Stop Fighting and Learn to Embrace Enterprise Resource Planning Proliferation

Data unification finds and pulls data from many enterprise resource planning systems for one version of truth

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It is a political season, so I’ll venture to make a non-partisan analogy. In some ways, companies’ enterprise resource planning (ERP) systems are like representative in Congress. We want everyone to work together, but when it comes to making compromises, we don’t want our own representative to yield. Every couple of years, just when cooperation starts to seep into the system, a new batch of representatives with new priorities and positions joins the mix.

Executives want transparency across the enterprise, but the data is locked in multiple ERP systems, making it difficult to match or even find the information needed for sound analysis. Getting to a single version of the truth is one of the primary reasons companies decide to take on painful ERP consolidation projects. In almost every case, however, these efforts are met with broad, often fierce, resistance, and are then undone as divisions adopt new technology or a new acquisition is brought into the fold with its own collection of ERP systems.

It's time to stop fighting ERP system proliferation in the name of data transparency. A new discipline, data unification, is emerging to help analysts find and pull data from a multitude of ERP systems for a single view of the needed data, as if it were in one system and organized just for the intended analysis. Think of it as a way to find the common ground among politicians regardless of partisan affiliation.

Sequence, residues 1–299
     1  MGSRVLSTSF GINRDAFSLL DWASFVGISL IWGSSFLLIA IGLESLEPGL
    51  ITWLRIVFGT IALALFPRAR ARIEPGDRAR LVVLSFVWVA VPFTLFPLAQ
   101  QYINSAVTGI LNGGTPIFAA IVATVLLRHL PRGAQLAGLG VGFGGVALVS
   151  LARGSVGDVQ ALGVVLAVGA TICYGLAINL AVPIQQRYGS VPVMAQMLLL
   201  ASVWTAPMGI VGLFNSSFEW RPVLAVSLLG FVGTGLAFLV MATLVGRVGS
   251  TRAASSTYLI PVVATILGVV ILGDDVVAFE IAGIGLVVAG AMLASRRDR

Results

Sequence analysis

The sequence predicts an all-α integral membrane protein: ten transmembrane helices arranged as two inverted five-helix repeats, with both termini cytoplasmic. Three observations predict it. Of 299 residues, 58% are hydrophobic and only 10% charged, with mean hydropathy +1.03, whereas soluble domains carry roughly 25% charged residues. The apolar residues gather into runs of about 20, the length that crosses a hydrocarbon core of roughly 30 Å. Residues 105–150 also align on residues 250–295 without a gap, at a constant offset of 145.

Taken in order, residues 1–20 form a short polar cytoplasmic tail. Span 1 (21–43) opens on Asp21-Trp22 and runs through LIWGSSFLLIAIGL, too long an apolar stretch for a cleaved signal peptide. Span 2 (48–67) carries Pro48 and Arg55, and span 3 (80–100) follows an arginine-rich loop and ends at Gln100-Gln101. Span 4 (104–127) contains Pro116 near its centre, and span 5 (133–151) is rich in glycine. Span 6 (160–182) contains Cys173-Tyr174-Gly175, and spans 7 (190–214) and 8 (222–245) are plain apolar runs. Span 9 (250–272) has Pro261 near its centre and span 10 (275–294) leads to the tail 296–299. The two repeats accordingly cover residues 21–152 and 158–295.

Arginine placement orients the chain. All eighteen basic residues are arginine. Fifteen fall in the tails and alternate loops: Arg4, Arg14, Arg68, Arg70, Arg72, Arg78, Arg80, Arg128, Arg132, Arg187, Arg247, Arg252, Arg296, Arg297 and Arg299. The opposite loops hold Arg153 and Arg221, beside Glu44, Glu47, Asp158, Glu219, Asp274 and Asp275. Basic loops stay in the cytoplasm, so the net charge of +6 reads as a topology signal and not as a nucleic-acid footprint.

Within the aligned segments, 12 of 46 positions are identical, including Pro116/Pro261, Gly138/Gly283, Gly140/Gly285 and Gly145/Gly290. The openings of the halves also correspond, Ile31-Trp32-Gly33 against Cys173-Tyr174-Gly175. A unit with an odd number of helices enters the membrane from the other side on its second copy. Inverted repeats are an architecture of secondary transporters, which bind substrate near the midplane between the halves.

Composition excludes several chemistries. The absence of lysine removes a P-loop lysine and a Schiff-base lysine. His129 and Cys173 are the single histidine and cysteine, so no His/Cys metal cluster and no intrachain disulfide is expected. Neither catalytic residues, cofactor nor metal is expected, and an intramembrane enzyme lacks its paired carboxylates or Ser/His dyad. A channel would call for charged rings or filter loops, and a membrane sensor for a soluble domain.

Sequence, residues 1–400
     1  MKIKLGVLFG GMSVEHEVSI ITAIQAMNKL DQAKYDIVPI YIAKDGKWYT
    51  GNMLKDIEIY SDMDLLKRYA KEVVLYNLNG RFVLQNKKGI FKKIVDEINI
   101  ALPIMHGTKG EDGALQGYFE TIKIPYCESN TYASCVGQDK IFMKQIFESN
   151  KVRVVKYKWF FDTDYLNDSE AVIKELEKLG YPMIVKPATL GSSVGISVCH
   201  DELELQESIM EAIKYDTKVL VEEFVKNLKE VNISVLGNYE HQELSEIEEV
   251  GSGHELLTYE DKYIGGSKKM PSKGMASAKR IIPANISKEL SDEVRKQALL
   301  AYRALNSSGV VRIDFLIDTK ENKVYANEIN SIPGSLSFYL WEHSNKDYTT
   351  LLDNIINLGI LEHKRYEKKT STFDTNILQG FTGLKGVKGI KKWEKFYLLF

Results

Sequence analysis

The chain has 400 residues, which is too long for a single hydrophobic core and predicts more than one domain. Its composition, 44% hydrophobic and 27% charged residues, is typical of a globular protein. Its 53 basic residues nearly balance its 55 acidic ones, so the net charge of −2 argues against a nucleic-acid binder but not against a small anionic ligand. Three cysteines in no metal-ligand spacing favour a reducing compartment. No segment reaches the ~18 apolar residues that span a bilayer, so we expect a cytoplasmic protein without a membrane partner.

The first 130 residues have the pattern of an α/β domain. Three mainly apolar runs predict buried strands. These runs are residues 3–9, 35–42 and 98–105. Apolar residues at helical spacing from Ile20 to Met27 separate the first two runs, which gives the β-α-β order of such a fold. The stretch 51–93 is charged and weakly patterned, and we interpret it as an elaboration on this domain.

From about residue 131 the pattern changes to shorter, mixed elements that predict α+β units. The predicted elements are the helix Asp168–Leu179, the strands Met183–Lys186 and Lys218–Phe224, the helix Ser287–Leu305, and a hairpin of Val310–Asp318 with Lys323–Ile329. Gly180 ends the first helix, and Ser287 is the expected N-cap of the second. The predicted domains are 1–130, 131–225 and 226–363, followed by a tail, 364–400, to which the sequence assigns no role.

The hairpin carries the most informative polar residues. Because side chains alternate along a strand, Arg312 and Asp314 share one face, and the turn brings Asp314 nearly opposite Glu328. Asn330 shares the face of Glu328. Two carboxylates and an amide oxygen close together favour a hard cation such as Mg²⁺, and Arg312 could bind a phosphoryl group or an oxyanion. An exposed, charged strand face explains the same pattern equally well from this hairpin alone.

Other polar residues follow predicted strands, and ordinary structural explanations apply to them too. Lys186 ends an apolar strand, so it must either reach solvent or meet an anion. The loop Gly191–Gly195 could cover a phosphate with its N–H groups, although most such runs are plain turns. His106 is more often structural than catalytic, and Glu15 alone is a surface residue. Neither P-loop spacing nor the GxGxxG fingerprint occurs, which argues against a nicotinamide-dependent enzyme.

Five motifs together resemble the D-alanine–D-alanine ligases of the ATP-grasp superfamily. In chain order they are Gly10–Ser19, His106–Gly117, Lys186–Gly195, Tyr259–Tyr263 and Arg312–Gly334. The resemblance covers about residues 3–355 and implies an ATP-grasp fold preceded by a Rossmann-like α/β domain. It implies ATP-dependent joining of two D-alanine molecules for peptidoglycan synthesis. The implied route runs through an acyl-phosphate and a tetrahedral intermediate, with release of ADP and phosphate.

Global Spend Analysis without a World of Pain

Spend analysis perfectly demonstrates the value of seeing data across the entire organization. Multiple divisions may interact with the same supplier or order the same part from different suppliers with widely varying terms. Most of that data is invisible to the person tasked with the analysis. Keeping analysis within ERP boundaries naturally limits the benefits of that analysis. Similarly, the effort involved in finding and preparing data from several sources adds time and cost that diminishes the rate of return on the resulting intelligence. It’s why most analysis is done with no more than 20 percent of relevant data.

Right now, companies are putting unified data to work in global spend analysis. A global diversified manufacturing company underwent a review of suppliers last year that aggregated a list of more than 500,000 suppliers across hundreds of ERP systems, discovered 25 to 35 percent supplier overlap across several major business units, and identified more than $100 million in savings through payment terms analytics.

Most of the benefit in spend analysis comes from the long tail of suppliers, not the closely watched top contracts. Bringing that data together across previously isolated and incompatible data sets doesn’t require wholesale changes to IT infrastructure, but it does mean thinking differently about how that data gets organized.

Catalog, Connect, Continue